We looked into nine indicators to rank and compare the humanitarian access levels worldwide. Affected populations in more than 50 countries are not getting proper humanitarian assistance due to access constraints. Humanitarian access has deteriorated in Colombia, Iraq, Myanmar, Nigeria, Pakistan, and Somalia over the past six months. 13 new countries entered the ranking since the latest ACAPS Humanitarian Access report released in August 2018. Physical constraints and restriction/obstruction of access to services and assistance are the most common challenges.
Anticipatory report - On 3 January 2018, Pakistan granted Afghan refugees in Pakistan a residence extension until the end of January. This is the shortest extension ever given to Afghan refugees in Pakistan and raises concerns of imminent large-scale forced returns. Some 1.39 million Afghan refugees are registered in Pakistan, as well as an estimated one million unregistered Afghans. If returns are enforced, it is likely to have a major impact on shelter, protection, and food needs. However, previous deadlines have been threatened but not enforced, reducing the probability of the risk.
Many rural areas of Sindh are currently experiencing daily highs above 40°C, which are forecast to continue until early May. Average annual temperatures are in the mid-thirties at this time and increase to reach their peak in May and June, when urban areas including Karachi will be severely affected by the heatwave. Heatwaves in the past have caused considerable health impacts including dehydration, sunburn, and heatstroke. Impacts on WASH lead to additional health risks such as waterborne diseases. Increased power needs might lead to blackouts, affecting hospitals, transport, and communication.
In southeastern Sindh, below-average rainfall during the 2016 monsoon (July to October) resulted in no or substantially less crop production for the third consecutive year and in livestock losses, affecting the two main livelihood sources in the region.
According to ECHO, 27% of the population in Sindh is moderately to acutely food insecure. A lack of access to WASH facilities and medical services exacerbates food security and nutrition conditions. Landless agricultural labourers, pastoralists, and sharecroppers are most vulnerable and the worst hit. Comparable and recent data on food insecurity rates is missing, but according to the latest assessment conducted in 2015, GAM and SAM rates were well above emergency levels.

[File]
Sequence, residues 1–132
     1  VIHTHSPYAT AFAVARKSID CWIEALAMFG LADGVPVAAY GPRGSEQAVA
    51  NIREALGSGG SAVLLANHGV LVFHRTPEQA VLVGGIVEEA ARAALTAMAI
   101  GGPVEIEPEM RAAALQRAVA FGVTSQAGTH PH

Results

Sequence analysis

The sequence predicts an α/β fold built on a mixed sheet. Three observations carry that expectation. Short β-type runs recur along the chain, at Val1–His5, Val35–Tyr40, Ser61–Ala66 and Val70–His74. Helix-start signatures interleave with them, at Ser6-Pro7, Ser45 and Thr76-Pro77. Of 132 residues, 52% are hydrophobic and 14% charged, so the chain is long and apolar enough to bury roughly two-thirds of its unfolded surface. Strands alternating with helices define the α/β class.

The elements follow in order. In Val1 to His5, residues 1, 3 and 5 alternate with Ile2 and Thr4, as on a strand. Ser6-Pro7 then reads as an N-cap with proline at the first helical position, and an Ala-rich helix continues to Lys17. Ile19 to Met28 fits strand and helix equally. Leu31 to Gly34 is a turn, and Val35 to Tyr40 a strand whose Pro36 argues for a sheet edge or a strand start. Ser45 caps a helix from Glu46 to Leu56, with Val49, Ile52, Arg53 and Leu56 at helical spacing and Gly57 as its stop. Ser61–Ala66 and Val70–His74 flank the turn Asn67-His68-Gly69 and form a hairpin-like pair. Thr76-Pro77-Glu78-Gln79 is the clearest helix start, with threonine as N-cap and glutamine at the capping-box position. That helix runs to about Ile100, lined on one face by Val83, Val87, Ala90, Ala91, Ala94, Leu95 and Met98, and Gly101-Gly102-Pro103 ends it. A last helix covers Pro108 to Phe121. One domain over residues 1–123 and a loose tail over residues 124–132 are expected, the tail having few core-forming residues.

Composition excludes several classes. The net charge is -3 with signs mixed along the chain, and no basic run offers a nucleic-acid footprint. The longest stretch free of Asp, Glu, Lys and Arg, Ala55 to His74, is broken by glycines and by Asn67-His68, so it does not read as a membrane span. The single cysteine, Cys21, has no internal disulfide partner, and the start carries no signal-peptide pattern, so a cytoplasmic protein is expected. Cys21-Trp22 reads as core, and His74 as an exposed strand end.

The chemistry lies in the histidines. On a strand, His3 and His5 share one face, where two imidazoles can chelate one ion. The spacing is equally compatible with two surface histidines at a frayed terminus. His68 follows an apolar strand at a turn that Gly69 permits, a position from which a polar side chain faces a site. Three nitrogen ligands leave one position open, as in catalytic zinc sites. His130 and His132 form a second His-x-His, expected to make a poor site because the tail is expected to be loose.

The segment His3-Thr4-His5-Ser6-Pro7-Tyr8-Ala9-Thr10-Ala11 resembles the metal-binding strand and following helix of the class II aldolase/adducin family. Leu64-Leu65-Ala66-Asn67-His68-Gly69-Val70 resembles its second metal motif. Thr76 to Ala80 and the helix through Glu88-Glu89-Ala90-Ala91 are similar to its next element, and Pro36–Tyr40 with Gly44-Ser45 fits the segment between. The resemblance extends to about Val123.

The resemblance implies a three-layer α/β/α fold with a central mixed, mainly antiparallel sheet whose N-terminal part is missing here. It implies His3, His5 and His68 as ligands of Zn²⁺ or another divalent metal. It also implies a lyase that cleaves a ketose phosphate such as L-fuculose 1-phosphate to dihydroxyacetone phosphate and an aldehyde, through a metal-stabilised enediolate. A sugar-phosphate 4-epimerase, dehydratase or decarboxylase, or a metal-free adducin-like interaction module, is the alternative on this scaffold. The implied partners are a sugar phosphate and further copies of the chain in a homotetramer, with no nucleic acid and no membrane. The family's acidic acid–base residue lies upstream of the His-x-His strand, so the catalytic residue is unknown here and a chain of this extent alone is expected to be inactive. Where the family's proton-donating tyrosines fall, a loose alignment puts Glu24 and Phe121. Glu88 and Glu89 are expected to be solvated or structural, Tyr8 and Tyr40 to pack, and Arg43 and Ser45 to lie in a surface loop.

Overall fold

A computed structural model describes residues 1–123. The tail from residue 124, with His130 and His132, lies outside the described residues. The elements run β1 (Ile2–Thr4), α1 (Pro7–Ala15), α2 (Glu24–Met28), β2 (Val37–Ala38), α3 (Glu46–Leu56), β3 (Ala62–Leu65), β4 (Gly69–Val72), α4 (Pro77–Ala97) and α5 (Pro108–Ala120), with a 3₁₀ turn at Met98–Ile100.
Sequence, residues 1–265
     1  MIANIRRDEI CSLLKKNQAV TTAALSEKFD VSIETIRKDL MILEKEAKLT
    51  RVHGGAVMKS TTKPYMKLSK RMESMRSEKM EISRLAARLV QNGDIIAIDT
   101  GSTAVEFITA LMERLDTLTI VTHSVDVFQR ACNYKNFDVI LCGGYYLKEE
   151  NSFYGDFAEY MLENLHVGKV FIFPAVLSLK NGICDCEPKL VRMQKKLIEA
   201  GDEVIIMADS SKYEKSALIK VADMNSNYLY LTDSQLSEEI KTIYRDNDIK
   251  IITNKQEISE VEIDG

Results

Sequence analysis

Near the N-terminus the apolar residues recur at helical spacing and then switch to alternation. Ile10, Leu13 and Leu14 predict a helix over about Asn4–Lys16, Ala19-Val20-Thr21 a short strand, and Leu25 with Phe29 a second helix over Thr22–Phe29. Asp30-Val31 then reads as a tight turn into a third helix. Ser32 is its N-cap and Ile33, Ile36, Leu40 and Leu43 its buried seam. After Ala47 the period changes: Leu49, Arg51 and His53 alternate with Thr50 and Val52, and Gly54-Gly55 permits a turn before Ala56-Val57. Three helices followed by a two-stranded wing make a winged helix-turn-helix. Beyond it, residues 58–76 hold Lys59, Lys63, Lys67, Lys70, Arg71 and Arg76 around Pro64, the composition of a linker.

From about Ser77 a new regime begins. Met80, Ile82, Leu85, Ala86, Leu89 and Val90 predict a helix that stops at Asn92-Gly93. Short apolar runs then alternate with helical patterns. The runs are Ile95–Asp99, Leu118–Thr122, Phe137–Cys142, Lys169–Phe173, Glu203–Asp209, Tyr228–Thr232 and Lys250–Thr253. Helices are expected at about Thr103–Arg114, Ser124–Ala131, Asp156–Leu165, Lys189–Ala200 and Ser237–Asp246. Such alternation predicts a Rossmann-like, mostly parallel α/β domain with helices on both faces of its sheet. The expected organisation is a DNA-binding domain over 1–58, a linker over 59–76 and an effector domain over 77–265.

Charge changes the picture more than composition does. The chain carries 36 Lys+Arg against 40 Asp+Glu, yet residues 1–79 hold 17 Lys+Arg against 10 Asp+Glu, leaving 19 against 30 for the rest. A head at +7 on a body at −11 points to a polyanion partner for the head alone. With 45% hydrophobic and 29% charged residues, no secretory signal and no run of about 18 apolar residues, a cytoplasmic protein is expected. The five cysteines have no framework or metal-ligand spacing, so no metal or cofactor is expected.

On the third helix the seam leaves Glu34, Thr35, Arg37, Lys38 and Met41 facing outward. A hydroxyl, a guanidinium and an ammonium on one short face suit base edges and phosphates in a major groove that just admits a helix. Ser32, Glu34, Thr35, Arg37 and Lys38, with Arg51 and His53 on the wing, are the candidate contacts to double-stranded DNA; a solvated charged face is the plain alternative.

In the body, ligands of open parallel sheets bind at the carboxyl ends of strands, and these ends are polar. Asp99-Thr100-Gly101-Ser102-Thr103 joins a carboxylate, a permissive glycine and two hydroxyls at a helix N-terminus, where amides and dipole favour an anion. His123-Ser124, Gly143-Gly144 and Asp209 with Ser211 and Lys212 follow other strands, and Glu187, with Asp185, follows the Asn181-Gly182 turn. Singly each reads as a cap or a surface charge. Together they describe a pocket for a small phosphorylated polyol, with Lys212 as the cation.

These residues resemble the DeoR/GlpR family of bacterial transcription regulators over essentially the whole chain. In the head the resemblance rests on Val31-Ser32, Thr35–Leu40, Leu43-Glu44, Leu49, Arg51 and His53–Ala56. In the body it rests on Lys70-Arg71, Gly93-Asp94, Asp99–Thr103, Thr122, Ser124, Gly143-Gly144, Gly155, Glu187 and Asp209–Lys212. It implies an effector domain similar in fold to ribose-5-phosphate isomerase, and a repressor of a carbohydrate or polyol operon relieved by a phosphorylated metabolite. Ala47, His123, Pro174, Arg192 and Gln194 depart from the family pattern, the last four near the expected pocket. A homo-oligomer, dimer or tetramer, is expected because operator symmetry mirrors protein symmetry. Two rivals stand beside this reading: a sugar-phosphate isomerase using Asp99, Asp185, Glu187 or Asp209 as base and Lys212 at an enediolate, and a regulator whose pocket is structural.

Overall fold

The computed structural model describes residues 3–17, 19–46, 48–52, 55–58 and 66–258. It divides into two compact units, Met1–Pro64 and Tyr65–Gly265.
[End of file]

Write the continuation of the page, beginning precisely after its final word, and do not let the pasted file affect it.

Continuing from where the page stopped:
Since September 2016, response has been limited. According to a report by the UN Country Team in Pakistan published in February 2017, the 2015 findings are still valid and the region is on the verge of a humanitarian crisis.
UPDATE: Results from an IPC Acute Food Insecurity analysis conducted since May and published in August shows that three of the most affected districts (Tharparkar, Jamshoro, and Sanghar) are facing Emergency (IPC Phase 4) food insecurity, while one (Umerkot) is facing Crisis (IPC Phase 3), confirming the analysis of this note published in April and updated in May.?
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Although the flow of returnees to Afghanistan has slowed since its peak in mid-2016, more than 60,000 people have returned from Iran (54,000) and Pakistan (almost 10,000) this year. They are in need of livelihoods and shelter as well as protection assistance.
Returnees from Pakistan go through Torkham border in Nangarhar province and Spin Boldak border in Kandarhar. Undocumented returnees make up around 40% of a total of 620,000 Afghans who returned from Pakistan in 2016. Returnees from Iran go through Islam Qala border in Herat province and Milak border in Nimroz province. More than 248,000 people returned from Pakistan in 2016, and more than 443,000 from Iran.
The increase is a result of worsening relations between the Afghanistan and Pakistan governments, prompting increasing pressure to return. The increase in returns from Iran is primarily due to the perceived pressure by the Iranian government that Afghan undocumented migrants put on the Iranian economy.